Seven to eight years is what the average physician lives after retirement. A colleague of mine (who since feigns amnesia) advised me of this heartening fact. If true, it doesn’t really leave much time for all that I have planned to do after retirement: travel to wild and exotic places, never-ending reading lists, piles of photos to review and relish, and whatnot; and lest I forget, old letters and the kids memorabilia from birth onwards.
Over the years, I had collected enough worldly goods, memorabilia as well as junk, to fill many a Smithsonian. So much so that it had started to cloud my sensorium, in addition to my house. I gave this some serious thought and figured that my few postretirement years were way too short to reminisce and be nostalgic over so many tons of saved treasures. And that is when I decided to simplify and declutter my life.
I methodically started cleaning out closet after closet and box after box, one at a time. And the bigger the garbage bag I threw out, the better I felt. I researched this and decided to adopt the “five-a-day” principle for Phase 1 of this catharsis—a resolution to discard five redundant objects a day. And I have to say, it felt great. It felt even better than losing weight. Well, almost. And just like weight loss, it became a self-fuelling project till I was almost addicted to it.
And for the first few weeks, things went according to plan. But as I went along and the unnecessities of life went out, I started cutting closer to bone. I convinced myself that there was no place in my life for my son’s first blanket. What use did I have for a 3x3-foot square of red fleece? Even its soft lingering baby smell didn’t sway me.
So out went the blankie and out went the skirts, and out went the box with the alligator purse.
A year later, my father passed away and it took a little while before I could get an air ticket to fly back home. While waiting to fly back for the funeral, distraught, I looked at old pictures and anything that reminded me of him. Perchance, I happened to come across an old pair of his socks, which I had borrowed and forgotten to return—a brown pair that my mother had knit for him years ago. And it came back to me that somewhere I had also saved a short note he had written to me the day we opened my first savings account. I know I had kept them with the keys for one of my most-prized former possessions—a scooter he had bought for me during my internship. These were things that his heart and hands had touched and suddenly I had this irrepressible urge to touch them again. As I looked for them in the my “memories drawer,” a flood of memories came pouring along with my tears.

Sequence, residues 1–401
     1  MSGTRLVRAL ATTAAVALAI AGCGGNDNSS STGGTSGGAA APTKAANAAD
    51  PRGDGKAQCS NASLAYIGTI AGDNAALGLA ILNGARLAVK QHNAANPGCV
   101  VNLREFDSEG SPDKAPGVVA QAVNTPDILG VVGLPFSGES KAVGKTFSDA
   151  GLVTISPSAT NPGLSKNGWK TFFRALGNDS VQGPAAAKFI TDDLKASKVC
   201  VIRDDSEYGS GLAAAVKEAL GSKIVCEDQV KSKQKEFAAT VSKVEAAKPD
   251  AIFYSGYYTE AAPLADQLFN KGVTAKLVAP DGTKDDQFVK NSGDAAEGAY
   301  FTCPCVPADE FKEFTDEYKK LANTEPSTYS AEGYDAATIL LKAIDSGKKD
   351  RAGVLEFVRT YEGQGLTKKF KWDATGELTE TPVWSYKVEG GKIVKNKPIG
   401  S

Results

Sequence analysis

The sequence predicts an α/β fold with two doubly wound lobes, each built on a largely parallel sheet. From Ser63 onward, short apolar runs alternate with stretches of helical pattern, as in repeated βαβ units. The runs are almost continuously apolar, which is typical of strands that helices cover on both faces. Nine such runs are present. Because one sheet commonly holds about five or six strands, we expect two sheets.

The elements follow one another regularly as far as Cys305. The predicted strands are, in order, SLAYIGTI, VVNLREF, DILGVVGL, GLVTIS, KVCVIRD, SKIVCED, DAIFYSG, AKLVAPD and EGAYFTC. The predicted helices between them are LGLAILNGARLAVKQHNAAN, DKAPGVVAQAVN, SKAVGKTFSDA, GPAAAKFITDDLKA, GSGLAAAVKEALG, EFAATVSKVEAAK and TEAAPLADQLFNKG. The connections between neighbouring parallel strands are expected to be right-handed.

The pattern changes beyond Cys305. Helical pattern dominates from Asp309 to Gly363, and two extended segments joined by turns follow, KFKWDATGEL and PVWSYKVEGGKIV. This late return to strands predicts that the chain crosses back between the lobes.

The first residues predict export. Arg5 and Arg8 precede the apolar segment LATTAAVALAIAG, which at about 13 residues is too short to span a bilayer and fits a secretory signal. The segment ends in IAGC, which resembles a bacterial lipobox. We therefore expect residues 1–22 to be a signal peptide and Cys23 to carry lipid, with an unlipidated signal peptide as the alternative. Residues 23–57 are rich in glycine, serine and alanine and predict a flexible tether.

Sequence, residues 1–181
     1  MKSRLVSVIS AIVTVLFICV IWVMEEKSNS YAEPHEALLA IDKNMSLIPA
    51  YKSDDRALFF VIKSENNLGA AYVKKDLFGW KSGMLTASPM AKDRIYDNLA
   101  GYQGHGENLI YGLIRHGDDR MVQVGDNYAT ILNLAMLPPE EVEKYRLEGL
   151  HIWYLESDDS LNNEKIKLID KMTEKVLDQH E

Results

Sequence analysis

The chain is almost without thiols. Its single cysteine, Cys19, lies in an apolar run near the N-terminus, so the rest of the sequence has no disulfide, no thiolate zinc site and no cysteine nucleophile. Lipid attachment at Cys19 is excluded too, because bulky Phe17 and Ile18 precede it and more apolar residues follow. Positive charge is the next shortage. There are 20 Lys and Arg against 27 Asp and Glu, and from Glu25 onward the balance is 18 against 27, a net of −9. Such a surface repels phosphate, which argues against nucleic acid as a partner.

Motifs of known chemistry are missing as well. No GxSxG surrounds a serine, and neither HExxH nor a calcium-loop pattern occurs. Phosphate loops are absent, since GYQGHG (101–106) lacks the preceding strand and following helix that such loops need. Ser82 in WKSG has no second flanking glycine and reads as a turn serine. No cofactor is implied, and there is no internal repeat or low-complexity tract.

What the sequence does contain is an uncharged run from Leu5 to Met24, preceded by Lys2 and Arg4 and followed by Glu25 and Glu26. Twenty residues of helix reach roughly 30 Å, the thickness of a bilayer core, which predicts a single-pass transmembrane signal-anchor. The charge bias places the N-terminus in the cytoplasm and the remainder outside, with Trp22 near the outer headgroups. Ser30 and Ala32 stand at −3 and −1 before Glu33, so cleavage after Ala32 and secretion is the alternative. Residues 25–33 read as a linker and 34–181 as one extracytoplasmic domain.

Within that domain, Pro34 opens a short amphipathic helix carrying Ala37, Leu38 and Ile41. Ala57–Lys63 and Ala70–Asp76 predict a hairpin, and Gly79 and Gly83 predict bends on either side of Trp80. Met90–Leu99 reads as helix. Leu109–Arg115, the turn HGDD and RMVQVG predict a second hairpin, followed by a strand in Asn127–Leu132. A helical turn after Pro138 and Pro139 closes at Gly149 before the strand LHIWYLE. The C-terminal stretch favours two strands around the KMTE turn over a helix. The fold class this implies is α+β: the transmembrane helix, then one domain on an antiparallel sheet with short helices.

I searched and searched, but couldn’t find them. I had a growing suspicion that the “five-a-day” principle had made me get rid of them. I couldn’t remember for sure, but knowing how my mind works, I must have reasoned that the scooter had long been relegated to the junkyard, the socks old and tired, and the savings account long since cleaned out. And no need, therefore, to hang on to them. I was inconsolable that afternoon. In a way I was mourning these little reminders just as much as I mourned him.
It made me realize that those old movie tickets from years ago, my mother’s old jewelry box, and my striped bellbottoms were like magic keys, opening doors to rooms full of memories in my mind, which, unless reminded of, I may never open again.
It also dawned on me that organizing and downsizing was great, but discarding these little things so close to my heart was like cutting off some of my roots. And it was vital to my wellbeing to recognize the fine line between the two.
Since then I have tried to strike balance between keepers and losers.
And to rewrite an old ditty:
Sure, bring in the new,
But hang on to the old.
For in the winter of your life,
It may keep out the cold.